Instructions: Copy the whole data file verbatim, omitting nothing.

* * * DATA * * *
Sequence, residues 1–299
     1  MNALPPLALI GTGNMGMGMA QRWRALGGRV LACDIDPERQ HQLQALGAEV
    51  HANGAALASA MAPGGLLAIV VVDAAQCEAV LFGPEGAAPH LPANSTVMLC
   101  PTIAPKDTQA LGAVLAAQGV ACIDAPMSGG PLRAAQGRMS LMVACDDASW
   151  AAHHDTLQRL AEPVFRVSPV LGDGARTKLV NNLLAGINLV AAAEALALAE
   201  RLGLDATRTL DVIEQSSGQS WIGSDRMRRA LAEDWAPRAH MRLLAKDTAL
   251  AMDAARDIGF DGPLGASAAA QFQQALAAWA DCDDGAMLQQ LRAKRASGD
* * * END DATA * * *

Sequence, residues 1–299
     1  MNALPPLALI GTGNMGMGMA QRWRALGGRV LACDIDPERQ HQLQALGAEV
    51  HANGAALASA MAPGGLLAIV VVDAAQCEAV LFGPEGAAPH LPANSTVMLC
   101  PTIAPKDTQA LGAVLAAQGV ACIDAPMSGG PLRAAQGRMS LMVACDDASW
   151  AAHHDTLQRL AEPVFRVSPV LGDGARTKLV NNLLAGINLV AAAEALALAE
   201  RLGLDATRTL DVIEQSSGQS WIGSDRMRRA LAEDWAPRAH MRLLAKDTAL
   251  AMDAARDIGF DGPLGASAAA QFQQALAAWA DCDDGAMLQQ LRAKRASGD